Privatizing Utah’s State-Owned Golf Courses: Provo’s Daily Herald recently reported that Utah State Rep. Kay Christofferson is planning to introduce a bill in the 2014 legislative session that would require the Department of Natural Resources to contract out the operations and maintenance of the four gold courses owned and operated by the state. A 2012 Utah State Parks report found that the four courses required taxpayer subsidies to cover operating and debt expenses. "Why are we competing against people that provide that service? Let's put it out for a [proposal] and see if we can get somebody to operate this privately," Christofferson told the Herald.
Indianapolis Seeking Private Partners for Parks: In November, Indianapolis issued a request for proposals seeking potential private for-profit or nonprofit partners to take over operations of parks, take over existing park facilities or programs, and/or propose new facilities or programs. The city is seeking opportunities to lower operating costs and potentially increase revenue through the solicitation. According to the Indianapolis Star, the city’s $3.4 million annual park capital budget is unable to cover a $46 million backlog of facility improvements, much less the $51 million in new park facilities sought by the city. Proposals are due on January 31st.
Solid Waste Privatization to Help Eliminate Deficits in Lawrence, IN: A new contract with Republic Services for residential trash and recycling collection will save Lawrence, Indiana an estimated $5 million over the 10-year contract, helping the city eliminate its budget deficit, according to an article last month in the Indianapolis Star. The company offered positions to all nine city sanitation employees and paid the city $300,000 for its trucks and waste containers, according to the article.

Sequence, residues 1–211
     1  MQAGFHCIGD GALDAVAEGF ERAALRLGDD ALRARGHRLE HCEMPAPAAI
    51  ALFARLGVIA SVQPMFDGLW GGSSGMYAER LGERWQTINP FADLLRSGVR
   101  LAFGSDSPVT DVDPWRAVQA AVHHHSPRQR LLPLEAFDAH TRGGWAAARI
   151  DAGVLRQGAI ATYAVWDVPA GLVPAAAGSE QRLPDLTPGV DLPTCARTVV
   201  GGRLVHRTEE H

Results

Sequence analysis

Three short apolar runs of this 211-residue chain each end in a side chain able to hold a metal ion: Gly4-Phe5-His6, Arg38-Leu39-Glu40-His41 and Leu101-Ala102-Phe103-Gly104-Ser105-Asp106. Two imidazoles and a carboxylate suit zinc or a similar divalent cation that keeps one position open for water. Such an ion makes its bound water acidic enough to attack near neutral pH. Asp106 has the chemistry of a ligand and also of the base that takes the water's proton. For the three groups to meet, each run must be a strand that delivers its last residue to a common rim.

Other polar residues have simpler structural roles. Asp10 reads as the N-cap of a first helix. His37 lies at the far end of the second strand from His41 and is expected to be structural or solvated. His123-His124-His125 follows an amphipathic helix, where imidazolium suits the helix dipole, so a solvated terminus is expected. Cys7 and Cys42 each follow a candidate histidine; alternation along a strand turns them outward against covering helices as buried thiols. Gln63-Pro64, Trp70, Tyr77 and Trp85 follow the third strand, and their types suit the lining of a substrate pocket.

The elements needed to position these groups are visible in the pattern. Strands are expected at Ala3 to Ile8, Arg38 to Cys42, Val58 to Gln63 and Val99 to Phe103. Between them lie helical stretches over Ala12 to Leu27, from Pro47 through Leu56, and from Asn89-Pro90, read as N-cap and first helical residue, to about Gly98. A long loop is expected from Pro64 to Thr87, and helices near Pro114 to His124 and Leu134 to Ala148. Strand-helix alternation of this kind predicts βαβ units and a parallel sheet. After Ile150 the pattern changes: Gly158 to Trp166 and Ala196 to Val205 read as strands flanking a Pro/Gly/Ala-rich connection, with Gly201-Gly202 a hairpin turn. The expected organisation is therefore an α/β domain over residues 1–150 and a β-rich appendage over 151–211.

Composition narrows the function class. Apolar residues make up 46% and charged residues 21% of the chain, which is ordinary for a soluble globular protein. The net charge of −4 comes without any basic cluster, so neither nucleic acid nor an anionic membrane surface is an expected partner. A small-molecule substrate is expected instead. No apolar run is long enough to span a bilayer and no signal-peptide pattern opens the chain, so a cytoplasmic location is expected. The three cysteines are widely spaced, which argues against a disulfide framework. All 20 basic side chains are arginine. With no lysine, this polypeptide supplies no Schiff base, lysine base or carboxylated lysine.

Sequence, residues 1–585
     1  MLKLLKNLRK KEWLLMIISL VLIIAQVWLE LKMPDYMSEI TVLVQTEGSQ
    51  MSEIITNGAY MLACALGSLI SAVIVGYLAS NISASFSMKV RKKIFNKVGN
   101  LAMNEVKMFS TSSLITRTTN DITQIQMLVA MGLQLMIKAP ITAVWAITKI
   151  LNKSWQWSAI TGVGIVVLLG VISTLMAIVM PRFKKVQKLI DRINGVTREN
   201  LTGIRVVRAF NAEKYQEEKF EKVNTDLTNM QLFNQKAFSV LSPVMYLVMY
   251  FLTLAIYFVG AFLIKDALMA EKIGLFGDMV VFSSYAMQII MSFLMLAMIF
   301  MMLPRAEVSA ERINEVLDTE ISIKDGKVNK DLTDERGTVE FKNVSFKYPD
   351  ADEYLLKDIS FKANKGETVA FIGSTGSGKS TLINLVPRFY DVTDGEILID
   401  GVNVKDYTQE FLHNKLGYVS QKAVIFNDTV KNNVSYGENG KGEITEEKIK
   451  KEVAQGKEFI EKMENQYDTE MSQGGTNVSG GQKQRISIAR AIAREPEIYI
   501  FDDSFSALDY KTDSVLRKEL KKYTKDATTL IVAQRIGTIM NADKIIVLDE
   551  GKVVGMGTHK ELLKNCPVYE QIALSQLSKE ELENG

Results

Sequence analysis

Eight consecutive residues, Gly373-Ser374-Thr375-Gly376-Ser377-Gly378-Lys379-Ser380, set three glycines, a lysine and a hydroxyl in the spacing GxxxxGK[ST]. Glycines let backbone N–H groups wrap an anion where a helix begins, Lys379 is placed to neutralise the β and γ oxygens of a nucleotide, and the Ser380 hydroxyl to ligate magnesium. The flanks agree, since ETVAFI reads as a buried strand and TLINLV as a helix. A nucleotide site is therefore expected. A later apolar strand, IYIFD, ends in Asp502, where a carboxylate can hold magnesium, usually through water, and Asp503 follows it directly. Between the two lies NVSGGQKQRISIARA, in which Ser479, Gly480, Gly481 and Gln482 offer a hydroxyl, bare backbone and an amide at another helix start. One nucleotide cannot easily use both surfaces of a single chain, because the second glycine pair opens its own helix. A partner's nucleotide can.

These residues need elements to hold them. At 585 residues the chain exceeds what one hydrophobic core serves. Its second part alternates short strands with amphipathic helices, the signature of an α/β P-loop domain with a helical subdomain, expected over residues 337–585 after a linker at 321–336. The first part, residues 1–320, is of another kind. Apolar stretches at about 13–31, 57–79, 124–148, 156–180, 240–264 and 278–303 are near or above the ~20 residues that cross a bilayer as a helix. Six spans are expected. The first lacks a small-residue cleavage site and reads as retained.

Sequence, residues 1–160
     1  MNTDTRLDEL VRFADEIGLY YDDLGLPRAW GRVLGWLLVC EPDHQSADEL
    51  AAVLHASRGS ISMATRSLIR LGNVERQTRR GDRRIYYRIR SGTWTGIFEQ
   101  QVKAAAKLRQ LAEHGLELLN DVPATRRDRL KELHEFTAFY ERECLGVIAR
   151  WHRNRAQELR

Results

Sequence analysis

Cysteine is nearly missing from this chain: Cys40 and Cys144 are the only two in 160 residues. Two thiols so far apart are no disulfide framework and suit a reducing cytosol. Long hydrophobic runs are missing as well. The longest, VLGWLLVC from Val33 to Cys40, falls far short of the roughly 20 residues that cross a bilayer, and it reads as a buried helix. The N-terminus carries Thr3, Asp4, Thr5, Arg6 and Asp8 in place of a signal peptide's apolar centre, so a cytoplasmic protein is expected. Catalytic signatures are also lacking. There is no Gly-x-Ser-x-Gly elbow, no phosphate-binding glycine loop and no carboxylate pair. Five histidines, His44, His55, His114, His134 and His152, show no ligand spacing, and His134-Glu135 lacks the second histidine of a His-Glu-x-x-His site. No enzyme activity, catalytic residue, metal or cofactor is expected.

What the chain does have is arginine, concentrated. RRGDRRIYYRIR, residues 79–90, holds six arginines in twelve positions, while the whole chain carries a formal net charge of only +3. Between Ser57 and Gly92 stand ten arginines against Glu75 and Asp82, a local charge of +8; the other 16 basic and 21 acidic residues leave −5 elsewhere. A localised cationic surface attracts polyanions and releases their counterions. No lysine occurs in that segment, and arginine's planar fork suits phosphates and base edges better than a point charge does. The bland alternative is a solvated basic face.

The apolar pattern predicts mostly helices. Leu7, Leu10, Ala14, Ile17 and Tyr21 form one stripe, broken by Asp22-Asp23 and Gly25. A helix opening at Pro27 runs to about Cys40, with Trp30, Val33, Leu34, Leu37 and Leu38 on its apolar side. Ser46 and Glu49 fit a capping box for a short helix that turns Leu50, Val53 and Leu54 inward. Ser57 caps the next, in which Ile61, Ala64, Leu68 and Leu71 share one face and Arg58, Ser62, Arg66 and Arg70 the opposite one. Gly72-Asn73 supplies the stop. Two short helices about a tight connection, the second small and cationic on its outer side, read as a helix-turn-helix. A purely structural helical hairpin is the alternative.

“Governments of OECD countries still oversee vast piles of assets, from banks and utilities to buildings, land and the riches beneath (see table). Selling some of these holdings could work wonders: reduce debt, finance infrastructure, boost economic efficiency. But governments often barely grasp the value locked up in them.”
—“Setting out the store,” The Economist, January 11, 2014.
“The problem [with defined benefit pensions] begins with mismeasurement of liabilities and the cost of funding them securely, for financial reporting purposes. The proper way to value future cash flows such as pension benefit payments is with discount rates that reflect the risk of the payments. This is separate from the question of the rate pension funds will earn on their investments. […] This bears repeating: The proper rate for valuing pension liabilities on financial statements is separate from the question of what pension funds will earn on their investments. Different rates may be appropriate for valuing liabilities than for assumed investment returns — and we recommend, later, that different rates be used. The major significance of valuing liabilities incorrectly is that it leads to inadequate funding policies, and encourages the mistaken belief that benefits can be greater, services can be greater, or taxes lower while still funding benefits securely.”
—Donald J. Boyd and Peter J. Kiernan, Strengthening the Security of Public Sector Defined Benefit Plans, The Nelson A. Rockefeller Institute of Government, State University of New York, January 2014, pp.vii-viii.